If you want to see how civic projects can move communities forward, take a look at the Bridge Center in Baton Rouge, La. Or, at least, at what it will be when it opens next year.
The Bridge Center will be a place for people suffering from mental illness or substance abuse, and, in particular, an alternative to police and EMTs taking them to jail or an emergency room. This “third option,” as advocates like to call it, should bring a cascade of benefits: relieving overcrowding at emergency rooms and the county jail while dealing with the region’s addiction and mental illness issues more humanely and productively.
It will even be easier for the cops. Processing a prisoner at the county jail can take an hour’s time or more; waiting at an emergency room can take even longer. The Bridge Center’s aim: Complete the handoff in 15 minutes. And did I mention that it will save money? One study estimated that the Bridge Center will save up to $55 million in its first decade over incarceration or emergency room treatment. Little wonder then that nearly every public official, from the mayor to the county coroner, supported it.
But it’s also an example of how hard such things can be. The project began five years ago when a group of law enforcement officials, mental-health advocates, public-health experts, judicial-system leaders, and elected officials met to study Baton Rouge’s problems and identify solutions. Experts from around the country were brought in. There were group visits to a center in San Antonio, Texas, that became the Bridge Center’s model.
A clinical-design team outlined a series of services the Bridge Center could offer and how they could work together. A study suggested how the center might be funded. A nonprofit board was assembled that included the district attorney, the sheriff, mental-health care advocates, physicians, and other stakeholders.
With this mountain of testimonials, documentation, near-unanimous political support, heartrending stories of loved ones lost in the jail, and favorable news coverage, supporters asked voters in December 2016 for a modest tax increase to get the center started. They said no. It took two more years and a massive citizen-engagement effort to get a different result. Last December, voters in East Baton Rouge Parish, where Baton Rouge is located, finally said yes to a 1.5-mil increase in property taxes. Looking back, local officials are convinced the Bridge Center was worth the effort. “It was absolutely a step forward,” says Mayor Sharon Weston Broome.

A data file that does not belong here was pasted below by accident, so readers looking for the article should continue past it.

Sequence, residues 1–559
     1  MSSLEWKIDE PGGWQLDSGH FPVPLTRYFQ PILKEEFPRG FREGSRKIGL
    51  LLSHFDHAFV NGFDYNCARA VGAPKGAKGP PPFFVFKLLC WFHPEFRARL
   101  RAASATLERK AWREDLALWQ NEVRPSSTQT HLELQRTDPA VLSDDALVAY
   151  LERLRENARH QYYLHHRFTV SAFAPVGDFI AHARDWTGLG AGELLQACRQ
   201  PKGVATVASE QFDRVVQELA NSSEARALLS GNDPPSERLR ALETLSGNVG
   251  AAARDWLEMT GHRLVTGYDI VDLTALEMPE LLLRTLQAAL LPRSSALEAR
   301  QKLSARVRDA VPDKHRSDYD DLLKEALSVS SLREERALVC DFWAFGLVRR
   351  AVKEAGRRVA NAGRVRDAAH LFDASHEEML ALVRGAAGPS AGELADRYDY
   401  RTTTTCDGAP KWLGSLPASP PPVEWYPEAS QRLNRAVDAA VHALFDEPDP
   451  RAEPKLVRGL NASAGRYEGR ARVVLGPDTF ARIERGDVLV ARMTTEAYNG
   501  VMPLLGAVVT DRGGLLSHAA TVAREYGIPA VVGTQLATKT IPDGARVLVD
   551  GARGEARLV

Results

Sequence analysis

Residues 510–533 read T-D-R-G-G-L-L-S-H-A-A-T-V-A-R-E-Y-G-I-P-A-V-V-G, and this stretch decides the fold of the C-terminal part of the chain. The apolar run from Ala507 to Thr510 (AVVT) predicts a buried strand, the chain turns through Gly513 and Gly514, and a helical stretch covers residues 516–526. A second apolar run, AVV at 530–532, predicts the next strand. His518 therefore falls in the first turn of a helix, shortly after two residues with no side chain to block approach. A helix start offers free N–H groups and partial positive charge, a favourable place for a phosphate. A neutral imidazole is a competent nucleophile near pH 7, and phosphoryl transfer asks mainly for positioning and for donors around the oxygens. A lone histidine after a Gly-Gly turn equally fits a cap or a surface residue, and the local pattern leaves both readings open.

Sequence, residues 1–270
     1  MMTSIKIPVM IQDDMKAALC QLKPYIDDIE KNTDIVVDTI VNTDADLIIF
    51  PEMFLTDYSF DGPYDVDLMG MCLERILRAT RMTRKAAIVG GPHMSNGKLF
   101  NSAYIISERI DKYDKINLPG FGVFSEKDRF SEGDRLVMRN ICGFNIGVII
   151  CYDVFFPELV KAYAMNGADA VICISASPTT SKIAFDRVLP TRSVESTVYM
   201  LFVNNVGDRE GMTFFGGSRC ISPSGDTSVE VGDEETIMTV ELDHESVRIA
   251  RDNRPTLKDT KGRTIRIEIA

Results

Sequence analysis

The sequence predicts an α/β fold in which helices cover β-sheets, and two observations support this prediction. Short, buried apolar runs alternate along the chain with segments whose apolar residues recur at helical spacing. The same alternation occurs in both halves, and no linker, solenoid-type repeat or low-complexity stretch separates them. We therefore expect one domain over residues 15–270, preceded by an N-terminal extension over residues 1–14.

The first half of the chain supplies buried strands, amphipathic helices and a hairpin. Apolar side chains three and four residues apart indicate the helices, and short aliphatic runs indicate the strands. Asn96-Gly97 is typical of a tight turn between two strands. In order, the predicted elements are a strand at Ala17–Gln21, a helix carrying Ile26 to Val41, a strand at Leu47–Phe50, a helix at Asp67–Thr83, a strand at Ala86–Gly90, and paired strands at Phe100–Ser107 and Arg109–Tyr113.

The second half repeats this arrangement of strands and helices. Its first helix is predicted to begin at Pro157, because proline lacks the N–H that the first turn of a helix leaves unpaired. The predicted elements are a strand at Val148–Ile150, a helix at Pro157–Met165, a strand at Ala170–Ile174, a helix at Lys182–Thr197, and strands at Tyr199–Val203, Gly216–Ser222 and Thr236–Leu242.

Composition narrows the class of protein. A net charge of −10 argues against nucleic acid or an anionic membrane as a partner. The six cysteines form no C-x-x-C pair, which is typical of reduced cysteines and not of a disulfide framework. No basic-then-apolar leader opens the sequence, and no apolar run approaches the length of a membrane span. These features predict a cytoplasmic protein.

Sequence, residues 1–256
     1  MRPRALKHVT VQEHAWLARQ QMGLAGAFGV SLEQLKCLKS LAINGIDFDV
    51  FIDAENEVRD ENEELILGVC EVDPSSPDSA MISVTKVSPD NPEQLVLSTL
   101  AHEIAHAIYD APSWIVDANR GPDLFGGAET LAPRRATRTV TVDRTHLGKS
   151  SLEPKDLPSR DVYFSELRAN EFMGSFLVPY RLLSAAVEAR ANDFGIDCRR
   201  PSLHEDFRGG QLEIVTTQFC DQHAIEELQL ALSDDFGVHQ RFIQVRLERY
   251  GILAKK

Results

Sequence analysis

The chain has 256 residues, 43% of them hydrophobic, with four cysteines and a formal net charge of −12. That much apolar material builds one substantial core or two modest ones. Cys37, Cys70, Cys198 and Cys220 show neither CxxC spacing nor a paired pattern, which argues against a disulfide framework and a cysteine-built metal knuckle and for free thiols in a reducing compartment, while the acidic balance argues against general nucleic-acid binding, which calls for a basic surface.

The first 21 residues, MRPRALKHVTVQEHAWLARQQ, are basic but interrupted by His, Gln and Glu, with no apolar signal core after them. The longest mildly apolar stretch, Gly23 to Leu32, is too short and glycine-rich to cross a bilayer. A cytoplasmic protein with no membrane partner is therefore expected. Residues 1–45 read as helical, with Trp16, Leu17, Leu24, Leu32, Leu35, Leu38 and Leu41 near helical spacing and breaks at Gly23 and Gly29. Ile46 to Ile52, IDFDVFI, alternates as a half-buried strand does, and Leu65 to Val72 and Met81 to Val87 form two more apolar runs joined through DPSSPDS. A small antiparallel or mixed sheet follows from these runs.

Then again, local government leaders could afford to be patient with the slow pace. They have an ally, an organization that managed the Bridge Center proposal from first meeting through months of research and two referendums and will stick with it through ribbon-cutting: the Baton Rouge Area Foundation (BRAF), a community foundation that has evolved into a kind of research and development center for civic progress. BRAF’s fingerprints are on numerous projects, from a plan for downtown Baton Rouge to a nature center that takes visitors into a Louisiana swamp. It is trying to launch passenger rail service from Baton Rouge to New Orleans. And this is just a partial list.
By managing so many civic projects, BRAF applies the lessons of one initiative to the next. (One lesson: Don’t take referendums for granted.) Along the way, it has gained a reputation for getting things done, which opens even more doors. As foundation President John Davies says, “When the Baton Rouge Area Foundation asks people to come to a meeting, they will usually come.” And these advantages grow over time. While elected leaders come and go, BRAF Executive Vice President John Spain notes, “we are consistently here.”
Mayor Broome is a fan. “We are extremely fortunate to have a strong foundation like BRAF in our community,” she says. Still, she’s careful to add that the foundation doesn’t dictate to local government; it collaborates. As she sees it, the city and the foundation are “co-creators” of civic progress.
I’ve seen other organizations play this R&D role in a community, at least for a while. Typically, it is a business group such as a chamber of commerce. Occasionally, a university will step up. But most communities have no organized way of learning how civic progress works. They depend on extraordinary leaders (some elected, most not) to figure things out. And here’s the problem with that: In a lifetime, an extraordinary leader may take on one or two big civic projects before drifting out of civic work. When she leaves, her knowledge, skills, and relationships leave with her.
So you may want to ask: How does my community pass civic knowledge from one leader to the next? How do leaders build relationships? How do good ideas find funding? How do they survive disappointments?
If there isn’t an organization or at least a process for learning from successful projects and storing civic knowledge, good ideas may come like rain striking parched ground. They make a splash, raise hopes and then evaporate. Is it time to build a reservoir?
A version of this posting appeared on the Governing website.
Photo by Charley Lhasa licensed under Creative Commons